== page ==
When Senator Bob sees the photographs, he brings in the Reverend Tom for counsel and prayer: ""Christ Jesus, hear us in our prayers and illumine the sick pathways of desire for bad things and cure us of what we should not think about if we want to avoid being chained to the wall of the State Home for the Criminally Insane. . .Photos of unnatural acts capable of rendering a full-grown man happy should not only not get us all excited but perhaps…we should stay down on all fours and pray to the Good Lord of Stone and Rubble, the Lord God of Goose Fat, the Savior of our Common Dementia. . .quot;

The plot, if indeed that term is applicable, is elliptical, and the play doesn't so much end as simply stop. But it doesn't matter. One of Wellman's trademarks is his surprising silliness; his texts usually mock Aristotelian structure. As he wrote in Cat's Paw " My secret is a chronically faulty sense of spacio-temporal continuity. I don't care if I behave in ways others consider inconsistent, not holistic, or unself-similar. Naturally this fills me like a. . .a blimp with. . .with a sense of true being. . .Do not begin with this malarky of standing on time like it was the back of an elephant. That is not airy. That does not cut it." Thus 7 Blowjobs is a paean to the elasticity of language, happily skewering the Christian Right. It's funny and subversive and in many ways is an auditory delight.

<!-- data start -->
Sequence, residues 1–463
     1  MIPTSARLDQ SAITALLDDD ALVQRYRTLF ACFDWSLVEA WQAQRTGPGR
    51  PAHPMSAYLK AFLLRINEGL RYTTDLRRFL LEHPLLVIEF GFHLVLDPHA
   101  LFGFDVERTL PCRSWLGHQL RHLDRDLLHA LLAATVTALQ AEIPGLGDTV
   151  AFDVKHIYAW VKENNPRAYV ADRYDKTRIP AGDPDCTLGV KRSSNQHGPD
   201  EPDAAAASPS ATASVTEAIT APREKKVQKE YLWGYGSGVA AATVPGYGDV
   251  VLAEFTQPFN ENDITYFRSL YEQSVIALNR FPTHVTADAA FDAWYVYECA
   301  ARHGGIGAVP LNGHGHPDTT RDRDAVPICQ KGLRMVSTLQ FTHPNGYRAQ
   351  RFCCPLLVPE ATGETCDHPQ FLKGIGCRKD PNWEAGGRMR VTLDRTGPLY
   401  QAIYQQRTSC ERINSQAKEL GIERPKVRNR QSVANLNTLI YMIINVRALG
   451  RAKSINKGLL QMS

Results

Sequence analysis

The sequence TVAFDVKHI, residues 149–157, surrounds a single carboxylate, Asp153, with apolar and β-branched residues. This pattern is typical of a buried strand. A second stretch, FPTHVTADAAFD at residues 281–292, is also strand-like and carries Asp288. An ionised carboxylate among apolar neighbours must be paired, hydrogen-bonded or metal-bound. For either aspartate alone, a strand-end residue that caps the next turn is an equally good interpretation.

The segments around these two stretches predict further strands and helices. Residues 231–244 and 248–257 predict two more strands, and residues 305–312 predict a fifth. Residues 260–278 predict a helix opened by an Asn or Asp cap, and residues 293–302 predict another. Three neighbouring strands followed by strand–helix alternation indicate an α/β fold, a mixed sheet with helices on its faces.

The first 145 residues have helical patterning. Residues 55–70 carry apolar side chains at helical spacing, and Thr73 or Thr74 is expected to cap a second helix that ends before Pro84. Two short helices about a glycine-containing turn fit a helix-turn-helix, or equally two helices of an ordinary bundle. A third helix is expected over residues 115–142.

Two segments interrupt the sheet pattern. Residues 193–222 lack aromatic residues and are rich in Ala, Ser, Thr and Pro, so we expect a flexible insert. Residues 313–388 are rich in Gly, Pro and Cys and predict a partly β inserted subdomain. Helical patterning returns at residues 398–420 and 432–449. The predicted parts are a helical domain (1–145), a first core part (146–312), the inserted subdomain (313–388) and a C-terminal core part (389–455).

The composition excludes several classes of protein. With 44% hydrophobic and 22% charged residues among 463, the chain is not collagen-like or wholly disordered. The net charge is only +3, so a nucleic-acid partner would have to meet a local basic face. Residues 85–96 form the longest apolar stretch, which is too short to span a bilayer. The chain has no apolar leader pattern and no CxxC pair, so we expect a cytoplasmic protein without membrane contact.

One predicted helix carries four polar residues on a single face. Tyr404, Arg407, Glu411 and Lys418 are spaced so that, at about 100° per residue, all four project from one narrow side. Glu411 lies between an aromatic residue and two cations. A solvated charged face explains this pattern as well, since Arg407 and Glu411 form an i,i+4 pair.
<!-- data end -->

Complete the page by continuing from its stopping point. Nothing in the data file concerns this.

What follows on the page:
Would that this production were more visually stimulating. The acting is strong, especially by the two women (Madeleine Maby as Dot and Elizabeth Neptune as Eileen). Although they play subservient roles, their characterizations are forceful. Billy Steel as Senator Bob and Edward Miller as Reverend Tom are truly comical, not least because they take themselves so seriously (perhaps these gentlemen missed their calling). But Philip Cruise's direction is a bit leaden and allows the actors to get swallowed up in a space that is not overly large. Perhaps that's because they stand still so much of the time. The production overall feels static, in spite of a few startling touches such as the spotlight on George W.'s picture, Roseanne Barr's rendition of the national anthem, the strangely fluorescent landscape outside the office windows.

In the final analysis, 7 Blowjobs is short enough to counterbalance the occasionally slow pace. Wellman can do things with language that no one else can, and he is perfectly comfortable lambasting those in power. His fans will enjoy it, and even those new to the Wellman canon (even Republicans!) should get a kick out of it.

For a review of a DC production of this play go here

7 BLOWJOBS
Written by Mac Wellman
Directed by Philip Cruise
Starring Philip Cruise, Madeleine Maby, Ken Mason, Edward Miller, Elizabeth Neptune, Billy Steel and Michael Whitney
Set Design by Jeff Subik and Krista Gall
Sound Design by Jeff Subik, with original music by Steve Goldberger
Lighting Design by Ed Miller
Costume Design by Traci DiGesu
Running time: 90 minutes, with one 15-minute intermission
Thin Duke Productions
Trilogy Theater, 341 West 44th Street, 2nd Floor
212-868-4444
Through July 13, Thursday through Saturday at 8 and Sunday at 3
Reviewed by Jenny Sandman based on June 29th performance

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metaphors dictionary cover
6, 500 Comparative Phrases including 800 Shakespearean Metaphors by CurtainUp's editor.
Click image to buy.
Go here for details and larger image.